Consumers can’t get enough of Texas Roadhouse right now.
The 697-unit steakhouse chain said Thursday that it has averaged more guests so far this year than any other period in its history.
Same-store sales are up 15.8% over that time, with average weekly sales reaching a record high of $146,000. Traffic is up 10% year over year.
It’s a step change compared to the fourth quarter that ended Dec. 27, in which same-store sales rose 7.3% year over year on 1.1% traffic growth. Average weekly sales were $130,176.
And it comes as some analysts are predicting negative traffic for restaurants this year.
The sudden jump seemed to awe both analysts and Roadhouse executives, who were unable to put their finger on what, exactly, has customers flocking to its restaurants in unprecedented numbers.
Yes, the chain is lapping the thick of the omicron variant of COVID-19 from one year ago, although the virus didn’t exactly slow it down: Its same-store sales were up 16% in Q1 of last year.
Perhaps some other anomaly, like weather, the Super Bowl or Valentine’s Day, could be inflating the results?
Not really, said Michael Bailen, senior director of finance. “It’s been a pretty consistently strong performance throughout the seven weeks.”
New President Gina Tobin noted that recent investments in technology could have something to do with it. More than 600 of the chain’s restaurants now offer Roadhouse Pay, which allows guests to pay their bill and leave as they please. The chain has also found efficiencies with new kitchen display systems, though that initiative is still in its early stages.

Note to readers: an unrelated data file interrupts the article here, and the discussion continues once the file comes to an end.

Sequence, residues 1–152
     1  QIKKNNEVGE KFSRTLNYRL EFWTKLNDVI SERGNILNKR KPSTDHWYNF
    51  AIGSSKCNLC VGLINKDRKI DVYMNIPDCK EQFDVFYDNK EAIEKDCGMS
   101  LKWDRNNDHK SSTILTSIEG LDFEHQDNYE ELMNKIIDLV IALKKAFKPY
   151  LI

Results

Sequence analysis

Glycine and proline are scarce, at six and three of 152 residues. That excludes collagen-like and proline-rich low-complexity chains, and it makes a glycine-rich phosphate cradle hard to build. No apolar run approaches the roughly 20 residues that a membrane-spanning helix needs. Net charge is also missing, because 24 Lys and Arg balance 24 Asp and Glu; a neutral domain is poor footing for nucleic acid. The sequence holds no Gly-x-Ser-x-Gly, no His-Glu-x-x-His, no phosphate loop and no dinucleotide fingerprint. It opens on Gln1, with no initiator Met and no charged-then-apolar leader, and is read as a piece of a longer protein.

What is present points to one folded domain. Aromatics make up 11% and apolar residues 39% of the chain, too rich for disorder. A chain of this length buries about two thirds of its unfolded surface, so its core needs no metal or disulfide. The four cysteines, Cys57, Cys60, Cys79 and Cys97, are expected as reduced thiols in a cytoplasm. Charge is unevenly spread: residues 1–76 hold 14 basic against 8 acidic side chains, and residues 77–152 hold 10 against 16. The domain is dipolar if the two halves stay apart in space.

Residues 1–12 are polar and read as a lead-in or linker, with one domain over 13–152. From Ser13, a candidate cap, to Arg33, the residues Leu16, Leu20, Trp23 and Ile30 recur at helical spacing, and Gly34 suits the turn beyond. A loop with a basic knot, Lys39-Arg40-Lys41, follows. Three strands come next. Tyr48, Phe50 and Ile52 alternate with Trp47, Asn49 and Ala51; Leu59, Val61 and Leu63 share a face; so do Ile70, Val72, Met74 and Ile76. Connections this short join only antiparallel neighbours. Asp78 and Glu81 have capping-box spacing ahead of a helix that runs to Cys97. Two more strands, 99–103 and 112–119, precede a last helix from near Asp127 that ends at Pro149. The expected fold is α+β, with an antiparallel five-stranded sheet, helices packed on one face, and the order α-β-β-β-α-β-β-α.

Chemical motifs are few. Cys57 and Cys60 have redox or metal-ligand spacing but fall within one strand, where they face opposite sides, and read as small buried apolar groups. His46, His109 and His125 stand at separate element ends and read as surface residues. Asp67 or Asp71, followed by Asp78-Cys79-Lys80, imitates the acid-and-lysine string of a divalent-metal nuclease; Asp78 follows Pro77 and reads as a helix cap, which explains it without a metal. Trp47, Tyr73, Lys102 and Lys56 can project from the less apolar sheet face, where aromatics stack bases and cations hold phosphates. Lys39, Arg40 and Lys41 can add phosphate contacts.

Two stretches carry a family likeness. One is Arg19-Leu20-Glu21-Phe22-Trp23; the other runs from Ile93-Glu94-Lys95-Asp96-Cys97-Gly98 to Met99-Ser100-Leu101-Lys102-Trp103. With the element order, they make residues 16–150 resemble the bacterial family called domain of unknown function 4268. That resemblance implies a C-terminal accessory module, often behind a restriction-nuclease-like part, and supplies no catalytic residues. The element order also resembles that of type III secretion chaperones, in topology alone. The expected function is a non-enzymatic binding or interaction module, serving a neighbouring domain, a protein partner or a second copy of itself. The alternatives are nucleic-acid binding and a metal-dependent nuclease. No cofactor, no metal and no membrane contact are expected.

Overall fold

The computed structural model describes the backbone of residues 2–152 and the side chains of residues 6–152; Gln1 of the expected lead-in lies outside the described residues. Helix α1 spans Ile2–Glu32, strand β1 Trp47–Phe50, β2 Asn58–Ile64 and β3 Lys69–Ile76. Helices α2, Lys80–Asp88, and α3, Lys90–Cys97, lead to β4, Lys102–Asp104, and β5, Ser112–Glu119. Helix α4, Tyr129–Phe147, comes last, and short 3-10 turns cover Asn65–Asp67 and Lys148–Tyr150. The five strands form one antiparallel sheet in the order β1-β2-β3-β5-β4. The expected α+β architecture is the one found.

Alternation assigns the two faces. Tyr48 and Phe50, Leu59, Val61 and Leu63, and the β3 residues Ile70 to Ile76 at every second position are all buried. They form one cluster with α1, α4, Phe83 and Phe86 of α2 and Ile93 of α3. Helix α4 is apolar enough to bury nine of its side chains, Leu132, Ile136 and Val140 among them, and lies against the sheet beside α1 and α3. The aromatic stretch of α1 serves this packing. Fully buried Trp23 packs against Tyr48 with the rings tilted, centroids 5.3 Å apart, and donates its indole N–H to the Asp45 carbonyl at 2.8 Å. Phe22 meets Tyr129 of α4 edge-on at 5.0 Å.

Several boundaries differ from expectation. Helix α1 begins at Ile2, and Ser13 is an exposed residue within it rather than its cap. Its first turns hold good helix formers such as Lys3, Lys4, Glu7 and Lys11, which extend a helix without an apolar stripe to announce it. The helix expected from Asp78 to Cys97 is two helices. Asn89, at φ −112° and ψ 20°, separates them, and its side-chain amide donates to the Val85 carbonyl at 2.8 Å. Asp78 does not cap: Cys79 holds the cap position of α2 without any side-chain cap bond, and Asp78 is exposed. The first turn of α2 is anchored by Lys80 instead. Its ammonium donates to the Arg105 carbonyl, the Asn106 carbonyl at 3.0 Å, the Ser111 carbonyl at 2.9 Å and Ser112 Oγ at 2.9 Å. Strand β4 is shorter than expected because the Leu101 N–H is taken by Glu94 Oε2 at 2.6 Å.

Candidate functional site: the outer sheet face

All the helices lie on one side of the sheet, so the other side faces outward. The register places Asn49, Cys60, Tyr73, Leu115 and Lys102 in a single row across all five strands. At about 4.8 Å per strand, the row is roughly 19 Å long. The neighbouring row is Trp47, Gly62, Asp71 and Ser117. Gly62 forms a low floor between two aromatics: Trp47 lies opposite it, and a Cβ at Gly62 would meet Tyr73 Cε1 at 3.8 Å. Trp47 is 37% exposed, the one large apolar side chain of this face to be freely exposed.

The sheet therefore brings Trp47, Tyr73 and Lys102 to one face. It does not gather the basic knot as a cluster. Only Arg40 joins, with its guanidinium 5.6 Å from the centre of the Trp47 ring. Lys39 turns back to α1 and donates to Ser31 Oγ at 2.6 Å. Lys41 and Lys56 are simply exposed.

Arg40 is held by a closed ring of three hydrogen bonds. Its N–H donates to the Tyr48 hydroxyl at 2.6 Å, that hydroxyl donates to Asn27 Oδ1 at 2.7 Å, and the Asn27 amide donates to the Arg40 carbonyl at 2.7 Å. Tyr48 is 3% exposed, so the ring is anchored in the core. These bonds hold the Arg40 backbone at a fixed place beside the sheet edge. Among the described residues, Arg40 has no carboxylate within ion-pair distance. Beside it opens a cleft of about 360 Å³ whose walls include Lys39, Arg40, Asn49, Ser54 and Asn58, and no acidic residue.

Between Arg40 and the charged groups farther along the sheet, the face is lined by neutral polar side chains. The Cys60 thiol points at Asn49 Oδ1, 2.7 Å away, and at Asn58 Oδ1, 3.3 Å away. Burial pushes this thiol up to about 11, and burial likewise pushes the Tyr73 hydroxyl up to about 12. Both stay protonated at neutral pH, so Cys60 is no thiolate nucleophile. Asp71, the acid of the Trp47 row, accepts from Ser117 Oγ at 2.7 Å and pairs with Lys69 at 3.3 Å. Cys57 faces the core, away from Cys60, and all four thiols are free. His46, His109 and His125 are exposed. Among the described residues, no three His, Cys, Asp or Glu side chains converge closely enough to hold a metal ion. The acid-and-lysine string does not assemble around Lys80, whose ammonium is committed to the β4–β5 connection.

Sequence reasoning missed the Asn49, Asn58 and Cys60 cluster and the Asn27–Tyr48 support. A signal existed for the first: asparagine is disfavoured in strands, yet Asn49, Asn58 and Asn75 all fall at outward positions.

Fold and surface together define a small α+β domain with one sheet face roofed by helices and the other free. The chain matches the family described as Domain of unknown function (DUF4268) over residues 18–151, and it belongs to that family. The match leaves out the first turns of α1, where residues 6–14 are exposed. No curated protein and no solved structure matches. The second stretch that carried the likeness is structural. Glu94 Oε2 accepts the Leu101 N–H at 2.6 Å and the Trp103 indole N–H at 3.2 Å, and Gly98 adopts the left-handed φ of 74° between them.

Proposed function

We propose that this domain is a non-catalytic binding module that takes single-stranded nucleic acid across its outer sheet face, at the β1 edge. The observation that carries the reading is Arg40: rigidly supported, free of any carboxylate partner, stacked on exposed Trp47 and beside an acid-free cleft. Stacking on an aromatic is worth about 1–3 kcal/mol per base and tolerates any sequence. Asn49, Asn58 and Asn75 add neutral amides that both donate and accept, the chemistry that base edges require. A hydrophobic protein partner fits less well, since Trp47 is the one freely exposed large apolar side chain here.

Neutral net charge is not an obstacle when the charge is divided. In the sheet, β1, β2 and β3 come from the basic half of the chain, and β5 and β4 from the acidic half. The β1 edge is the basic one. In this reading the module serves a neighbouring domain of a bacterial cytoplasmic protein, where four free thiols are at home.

“We really look at any piece that can help the speed in our restaurants, which obviously increases the traffic growth,” she said.
Further questioning by analysts uncovered another clue: Menu mix has been negative to start the year, specifically in the entree section. This, too, has stumped the chain’s brass, but Bailen theorized it could reflect customers trading up to Texas Roadhouse from other casual-dining brands.
“Maybe they are coming in and driving traffic growth but coming in at a lower price point on the menu,” he ventured.
CEO Jerry Morgan, who has worked at Texas Roadhouse since 1997, suggested that this is simply the result of the brand doing what it does best. “I think it’s about our execution and about the quality of the product that we’re putting on the plate,” he said.
The call yielded no clear answers. And Bailen cautioned investors that they should not expect the red-hot traffic to continue. “The percentage probably comes down from there as we start to lap some more normalized numbers,” he said. “But I think we still have opportunity to grow.”
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